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Courses in which the curriculum consists substantially of independent student research are subject to IRB approval. Faculty members seeking approval for a course must submit an application form for the course.

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The majority of studies conducted at Middlebury don’t require a full board review, and their protocols should be submitted as soon as possible. Some complex or high-risk projects will require review at the IRB’s monthly formal meeting. Investigators who anticipate full board review should plan to submit their protocol at least one week prior to the next IRB monthly meeting.

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Traditionally IRBs dealt with research in the “hard” sciences and some social sciences, because other disciplines rarely involved human subjects in their research. That’s changing, however, and human subjects—and therefore IRBs—are more frequently a part of research in the humanities. One recent example of the expansion of IRB concerns at Middlebury College beyond the hard sciences: a couple of years ago, a senior English major developed a research project on Dr. Seuss books, and in the process wanted to read one of his books to elementary school children and gauge their reactions.  In this case, though, the Dr. Seuss book happened to be about nuclear holocaust, and the IRB was concerned enough about the emotional effect on the children that it required parental permission for the researcher to work with the elementary school class.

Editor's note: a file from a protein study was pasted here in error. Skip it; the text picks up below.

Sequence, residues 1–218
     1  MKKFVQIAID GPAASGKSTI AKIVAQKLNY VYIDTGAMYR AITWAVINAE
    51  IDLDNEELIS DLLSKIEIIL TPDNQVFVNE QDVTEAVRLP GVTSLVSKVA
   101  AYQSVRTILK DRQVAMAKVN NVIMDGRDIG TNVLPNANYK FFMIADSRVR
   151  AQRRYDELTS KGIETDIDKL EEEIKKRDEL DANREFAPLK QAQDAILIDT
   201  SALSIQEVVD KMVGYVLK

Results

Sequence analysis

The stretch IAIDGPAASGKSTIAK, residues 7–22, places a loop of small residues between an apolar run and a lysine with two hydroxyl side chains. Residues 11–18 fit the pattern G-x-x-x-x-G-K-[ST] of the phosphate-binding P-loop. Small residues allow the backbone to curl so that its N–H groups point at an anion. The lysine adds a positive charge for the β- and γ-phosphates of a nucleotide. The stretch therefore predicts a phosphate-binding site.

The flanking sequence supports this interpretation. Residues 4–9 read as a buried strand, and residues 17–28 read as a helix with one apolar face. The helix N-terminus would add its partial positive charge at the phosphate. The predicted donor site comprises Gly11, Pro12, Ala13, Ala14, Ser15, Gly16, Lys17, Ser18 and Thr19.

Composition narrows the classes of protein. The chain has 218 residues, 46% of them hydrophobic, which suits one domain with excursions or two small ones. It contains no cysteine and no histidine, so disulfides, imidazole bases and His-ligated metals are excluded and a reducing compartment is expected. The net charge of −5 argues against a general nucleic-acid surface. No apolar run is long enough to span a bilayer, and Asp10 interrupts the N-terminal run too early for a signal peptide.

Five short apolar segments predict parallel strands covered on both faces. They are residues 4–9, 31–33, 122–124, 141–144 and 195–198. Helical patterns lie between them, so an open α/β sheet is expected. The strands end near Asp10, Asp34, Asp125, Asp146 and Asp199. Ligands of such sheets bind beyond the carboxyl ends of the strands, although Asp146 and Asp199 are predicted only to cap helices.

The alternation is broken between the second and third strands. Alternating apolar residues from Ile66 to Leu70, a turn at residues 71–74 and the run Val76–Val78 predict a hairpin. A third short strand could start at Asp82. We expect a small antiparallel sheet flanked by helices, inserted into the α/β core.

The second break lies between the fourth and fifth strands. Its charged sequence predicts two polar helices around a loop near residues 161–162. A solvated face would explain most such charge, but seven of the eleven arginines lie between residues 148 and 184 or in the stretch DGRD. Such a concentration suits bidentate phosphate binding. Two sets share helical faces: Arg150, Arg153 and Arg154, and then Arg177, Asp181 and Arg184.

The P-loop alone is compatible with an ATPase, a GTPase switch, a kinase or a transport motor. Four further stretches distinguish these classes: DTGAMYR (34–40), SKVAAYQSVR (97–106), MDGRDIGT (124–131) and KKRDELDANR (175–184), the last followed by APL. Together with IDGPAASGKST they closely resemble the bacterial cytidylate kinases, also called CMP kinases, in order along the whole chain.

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As Principal Investigator, you have a few ongoing responsibilities to the IRB. You must:

  • Notify the IRB if you want to change your research methods or location during the one-year approval period
  • Apply for an extension if you need a bit more time than one calendar year to complete your project